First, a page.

Chorus Gains Full Aircraft Lifecycle Boost With Falko Acquisition
Canadian regional aviation specialist Chorus Aviation could become more active in end-of-life MRO activities following its recent acquisition of UK-headquartered lessor Falko Regional Aircraft.
Halifax-headquartered Chorus is a regional aircraft lessor, but it also has two airlines—Jazz Aviation and Voyageur Aviation—which are both active in regional-aircraft maintenance.
On Feb. 27, Chorus announced a $855 million deal to acquire Falko from Fortress Investment Group. This deal is significant because it joins two highly experienced regional-aircraft suppliers that are able to manage aircraft from new delivery to end-of-life, including repurposing, disassembly and part-out. The acquisition completed on May 3 and the Falko brand will be retained.
“This coming together is really about the total lifecycle of the assets,” Chorus president and CEO Joe Randell told Aviation Week.
Jazz performs in-house MRO on its own fleet, including C checks, D checks and some third-party work, while Voyager takes on MRO modification work, such as aircraft repurposing, freighter conversions, refurbishment, cockpit replacements and long-range fuel tank upgrades.
“The [Chorus and Falko] platforms are very complementary,” Randell said. “Chorus, in its leasing business, has focused more on new [aircraft] sale and leasebacks—where there were fewer opportunities in terms of synergies on the MRO side—whereas Falko has focused more than Chorus on mid- to end-of-life assets.”
This creates a perfect fit between Chorus’ MRO businesses and Falko’s older fleet. “I think that really differentiates us now, as a lessor, in terms of those capabilities and options going forward for the assets and doing those basically in-house,” Randell said.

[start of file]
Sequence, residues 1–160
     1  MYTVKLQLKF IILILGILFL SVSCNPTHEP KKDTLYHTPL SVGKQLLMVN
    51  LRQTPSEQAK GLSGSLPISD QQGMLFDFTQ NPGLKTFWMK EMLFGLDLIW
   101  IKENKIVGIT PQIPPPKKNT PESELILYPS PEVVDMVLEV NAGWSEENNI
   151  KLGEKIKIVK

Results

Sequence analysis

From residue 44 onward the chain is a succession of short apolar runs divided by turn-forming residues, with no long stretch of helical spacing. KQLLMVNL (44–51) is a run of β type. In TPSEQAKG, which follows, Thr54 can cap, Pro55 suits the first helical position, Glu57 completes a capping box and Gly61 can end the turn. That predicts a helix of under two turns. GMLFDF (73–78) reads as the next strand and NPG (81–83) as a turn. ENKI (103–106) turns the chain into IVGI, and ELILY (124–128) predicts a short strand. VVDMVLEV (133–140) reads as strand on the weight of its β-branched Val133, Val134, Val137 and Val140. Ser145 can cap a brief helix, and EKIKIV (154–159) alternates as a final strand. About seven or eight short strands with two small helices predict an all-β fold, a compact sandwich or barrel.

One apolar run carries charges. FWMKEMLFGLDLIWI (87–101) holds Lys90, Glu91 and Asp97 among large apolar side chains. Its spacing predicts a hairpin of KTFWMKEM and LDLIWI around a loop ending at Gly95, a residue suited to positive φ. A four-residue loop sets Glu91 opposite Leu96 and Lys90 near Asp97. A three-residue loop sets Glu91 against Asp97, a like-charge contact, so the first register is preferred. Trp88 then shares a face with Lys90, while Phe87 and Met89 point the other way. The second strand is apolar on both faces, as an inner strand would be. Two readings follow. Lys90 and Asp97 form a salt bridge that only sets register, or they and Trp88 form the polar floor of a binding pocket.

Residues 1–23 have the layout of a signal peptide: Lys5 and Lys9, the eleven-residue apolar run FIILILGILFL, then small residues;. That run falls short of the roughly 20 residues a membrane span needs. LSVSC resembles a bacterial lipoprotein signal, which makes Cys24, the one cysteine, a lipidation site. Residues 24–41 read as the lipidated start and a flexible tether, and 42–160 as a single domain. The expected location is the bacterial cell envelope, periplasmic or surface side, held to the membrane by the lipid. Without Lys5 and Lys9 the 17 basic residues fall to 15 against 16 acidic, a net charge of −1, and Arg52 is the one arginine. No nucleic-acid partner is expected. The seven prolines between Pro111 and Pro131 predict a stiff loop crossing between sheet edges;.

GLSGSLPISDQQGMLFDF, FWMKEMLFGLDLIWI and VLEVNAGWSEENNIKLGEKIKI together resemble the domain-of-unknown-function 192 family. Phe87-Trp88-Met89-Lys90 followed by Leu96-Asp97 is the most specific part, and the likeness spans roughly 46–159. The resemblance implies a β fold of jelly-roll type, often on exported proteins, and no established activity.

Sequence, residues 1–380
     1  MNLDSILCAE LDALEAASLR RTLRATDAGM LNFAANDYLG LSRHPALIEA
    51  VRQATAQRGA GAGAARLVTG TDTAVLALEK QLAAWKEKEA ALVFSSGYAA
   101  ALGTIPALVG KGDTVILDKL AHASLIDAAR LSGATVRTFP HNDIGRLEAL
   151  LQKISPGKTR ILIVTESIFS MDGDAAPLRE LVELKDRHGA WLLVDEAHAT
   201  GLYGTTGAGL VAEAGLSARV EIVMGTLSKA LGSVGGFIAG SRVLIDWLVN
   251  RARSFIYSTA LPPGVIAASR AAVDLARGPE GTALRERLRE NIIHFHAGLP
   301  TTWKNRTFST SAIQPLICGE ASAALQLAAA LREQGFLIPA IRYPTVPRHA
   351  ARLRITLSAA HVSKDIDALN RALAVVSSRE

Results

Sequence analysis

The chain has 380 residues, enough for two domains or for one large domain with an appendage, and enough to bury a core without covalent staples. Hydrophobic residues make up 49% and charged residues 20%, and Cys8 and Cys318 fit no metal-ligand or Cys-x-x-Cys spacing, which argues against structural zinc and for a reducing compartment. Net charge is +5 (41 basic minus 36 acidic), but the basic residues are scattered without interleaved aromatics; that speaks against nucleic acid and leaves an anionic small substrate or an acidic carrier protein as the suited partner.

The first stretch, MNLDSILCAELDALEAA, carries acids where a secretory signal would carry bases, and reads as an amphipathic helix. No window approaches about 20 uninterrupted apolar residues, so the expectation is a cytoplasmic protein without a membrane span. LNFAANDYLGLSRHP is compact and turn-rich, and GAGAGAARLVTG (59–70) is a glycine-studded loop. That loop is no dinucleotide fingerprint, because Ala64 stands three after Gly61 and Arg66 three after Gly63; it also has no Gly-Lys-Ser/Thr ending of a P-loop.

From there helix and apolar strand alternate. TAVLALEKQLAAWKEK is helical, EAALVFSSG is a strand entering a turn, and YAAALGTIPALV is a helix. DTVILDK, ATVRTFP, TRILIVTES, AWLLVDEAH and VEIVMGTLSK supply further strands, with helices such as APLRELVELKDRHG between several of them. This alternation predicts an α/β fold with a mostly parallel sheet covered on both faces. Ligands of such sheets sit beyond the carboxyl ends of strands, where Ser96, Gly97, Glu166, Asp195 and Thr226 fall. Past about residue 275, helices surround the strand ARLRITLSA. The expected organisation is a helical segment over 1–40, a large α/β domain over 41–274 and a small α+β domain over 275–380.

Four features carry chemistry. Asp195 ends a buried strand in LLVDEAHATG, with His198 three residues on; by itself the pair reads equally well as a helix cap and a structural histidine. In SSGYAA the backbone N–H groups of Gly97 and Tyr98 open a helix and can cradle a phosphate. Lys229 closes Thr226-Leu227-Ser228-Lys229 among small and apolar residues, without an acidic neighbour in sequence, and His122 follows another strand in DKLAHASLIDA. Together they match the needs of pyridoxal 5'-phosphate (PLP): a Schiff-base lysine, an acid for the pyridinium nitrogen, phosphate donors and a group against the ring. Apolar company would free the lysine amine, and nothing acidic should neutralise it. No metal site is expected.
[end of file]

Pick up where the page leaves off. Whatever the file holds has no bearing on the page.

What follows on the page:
He continued: “A big part of the growing Voyageur business is the part-out business and, if you're dealing with end-of-life assets, then obviously that can be a very appealing option, in terms of how you get value out of the assets. Voyager has grown this used serviceable material business quite a bit. COVID leveled it off, but now it's growing again and they have a lot of capabilities there.”
Randell is open to further expanding Chorus’ MRO capabilities, should any opportunities emerge. “Right now, it's more or less building and growing what's there,” he said.
Chorus is a highly experienced De Havilland Dash 8 and CRJ operator, with Embraers joining the group’s fleet more recently, for deployment with Air Canada. “We’ve been involved with Bombardier products in a big way,” Randell said.
This means Voyageur’s MRO unit has focused on De Havilland Dash 8 part-out work, because it has a good supply of aircraft from Jazz’s Air Canada Express operation. Voyageur has also done some CRJ part-outs. However, Randell said they have just acquired a couple of ATRs from a third party, enabling the company to expand into ATR parts.
“We’re moving into that [ATR] business, and the Embraer business is clearly there now, especially with Falko and those opportunities. So, we will have a complete scope of regional parts support, etc. We will continue to focus on the part-out business; that's clearly an area where we're filling a need in the market.”